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Research is valuable

Here’s a brief look at how to research and find your tribe.

“I had what I thought was a brilliant idea for a business — how to get free PR. Based on my years as a freelance journalist and business magazine editor I know that editors and journalists were screaming out for content so I went about setting up a business that would teach other businesses how to get free publicity. I assumed everyone would snap my hand off, be willing to pay for 1:1 support and I’d be raking it in — I couldn’t have been more wrong! The market had moved on, I didn’t understand my target market and had no clue what people were looking for. It lasted 6 months.”

This was me a few years ago. I have made so many mistakes, not just with that business idea but with others too.

As entrepreneurs, we often have more than one idea floating around in our cluttered brains. The impetus to hit the ground running with your new idea is so strong that you commit time and quite often money to getting it off the ground, then look back and wonder why it failed. (I have so many unused domain names it’s ridiculous!)

Every time I now have a new idea, even if it’s for my existing business I do nothing about it until I’ve undertaken research.

Research is so valuable. It provides you with fantastic insights and can be the groundwork for your idea. It can shape and influence your business model and give you a clear direction to take. Share on X

What if you’re an existing/established business?

When was the last time you ‘checked-in’ with your customer base? Are you making assumptions about your market? Industry changes so quickly, what worked or was relevant last year, month or even week may be outdated. What language is your audience using? Is your tone of voice still relevant? Perhaps more importantly, are the services you’re offering still what your target audience want or need?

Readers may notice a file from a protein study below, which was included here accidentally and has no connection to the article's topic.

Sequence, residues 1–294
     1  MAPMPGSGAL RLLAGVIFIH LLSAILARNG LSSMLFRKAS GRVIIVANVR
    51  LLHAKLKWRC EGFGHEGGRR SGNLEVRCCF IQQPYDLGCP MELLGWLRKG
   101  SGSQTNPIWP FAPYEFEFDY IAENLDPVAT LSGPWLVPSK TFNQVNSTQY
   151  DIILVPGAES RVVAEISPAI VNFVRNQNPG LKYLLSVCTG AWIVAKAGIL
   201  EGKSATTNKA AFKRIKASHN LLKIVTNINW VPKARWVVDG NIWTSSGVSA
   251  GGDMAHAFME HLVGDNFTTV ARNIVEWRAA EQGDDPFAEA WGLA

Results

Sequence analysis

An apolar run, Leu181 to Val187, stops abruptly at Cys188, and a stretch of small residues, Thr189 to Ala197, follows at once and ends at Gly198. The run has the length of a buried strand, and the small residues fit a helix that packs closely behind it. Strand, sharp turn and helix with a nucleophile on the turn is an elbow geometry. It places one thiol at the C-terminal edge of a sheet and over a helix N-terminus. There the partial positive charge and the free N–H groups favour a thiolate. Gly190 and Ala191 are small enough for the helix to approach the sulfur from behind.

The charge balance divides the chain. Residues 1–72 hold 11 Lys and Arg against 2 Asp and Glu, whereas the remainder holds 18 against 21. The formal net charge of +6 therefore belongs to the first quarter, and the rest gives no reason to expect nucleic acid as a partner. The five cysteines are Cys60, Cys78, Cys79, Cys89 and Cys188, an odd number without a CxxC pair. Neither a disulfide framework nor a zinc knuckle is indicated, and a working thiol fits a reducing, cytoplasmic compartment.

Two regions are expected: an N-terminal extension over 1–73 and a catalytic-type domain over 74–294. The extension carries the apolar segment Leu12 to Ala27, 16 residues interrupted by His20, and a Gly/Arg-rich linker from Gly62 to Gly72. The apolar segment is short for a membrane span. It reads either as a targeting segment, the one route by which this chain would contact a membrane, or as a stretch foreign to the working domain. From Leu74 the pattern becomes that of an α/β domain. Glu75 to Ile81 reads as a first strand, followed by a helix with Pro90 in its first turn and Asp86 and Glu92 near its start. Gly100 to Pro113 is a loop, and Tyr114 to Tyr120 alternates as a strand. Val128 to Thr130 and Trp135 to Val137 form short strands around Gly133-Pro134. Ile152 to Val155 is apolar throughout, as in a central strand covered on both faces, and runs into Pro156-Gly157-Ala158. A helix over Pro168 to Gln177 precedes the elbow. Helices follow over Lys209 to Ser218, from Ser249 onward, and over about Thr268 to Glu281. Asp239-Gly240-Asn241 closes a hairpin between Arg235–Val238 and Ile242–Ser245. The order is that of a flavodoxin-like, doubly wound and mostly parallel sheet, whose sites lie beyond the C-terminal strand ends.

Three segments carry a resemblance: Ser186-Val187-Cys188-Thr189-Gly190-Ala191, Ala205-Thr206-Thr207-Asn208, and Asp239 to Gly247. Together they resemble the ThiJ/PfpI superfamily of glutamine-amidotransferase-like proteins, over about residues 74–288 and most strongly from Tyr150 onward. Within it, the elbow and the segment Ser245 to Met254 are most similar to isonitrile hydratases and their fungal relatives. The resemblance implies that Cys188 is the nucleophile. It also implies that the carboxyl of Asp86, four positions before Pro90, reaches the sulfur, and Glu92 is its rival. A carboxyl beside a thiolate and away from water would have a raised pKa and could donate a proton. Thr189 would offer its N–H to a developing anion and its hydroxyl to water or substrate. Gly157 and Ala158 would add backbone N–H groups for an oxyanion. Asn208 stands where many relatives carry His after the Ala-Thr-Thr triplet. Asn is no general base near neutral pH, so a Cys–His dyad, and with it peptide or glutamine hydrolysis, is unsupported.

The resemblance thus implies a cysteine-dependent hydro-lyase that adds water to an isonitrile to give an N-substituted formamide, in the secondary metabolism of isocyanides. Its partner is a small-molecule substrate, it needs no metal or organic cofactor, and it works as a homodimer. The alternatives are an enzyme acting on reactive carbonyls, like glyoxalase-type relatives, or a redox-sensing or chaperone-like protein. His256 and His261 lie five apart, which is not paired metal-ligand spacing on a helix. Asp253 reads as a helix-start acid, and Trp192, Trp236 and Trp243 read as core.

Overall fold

This is particularly important when it’s your own business. And if you’re not winning your share of the market, do you know why? Where once your website may have been generating leads and enquiries, it could well have stopped, again — do you know why?

Using the research

You can easily create surveys in Google, Typeform, SurveyMonkey to name just a few, and once you have this information you can use it to shape lots of aspects of your business; sales copy, social media posts, your offering, free downloads.

Tips for creating a survey
  • Limit answer choices to 2 or 3
  • Always add ‘Other’ as an option
  • Keep it short
  • Use a universal tool that doesn’t require someone to register
  • DON’T incentivise, you want honest, genuine answers

When the last time you surveyed your audience?

Extract taken from my new book ‘Digital Marketing Made Easy’
Find out more here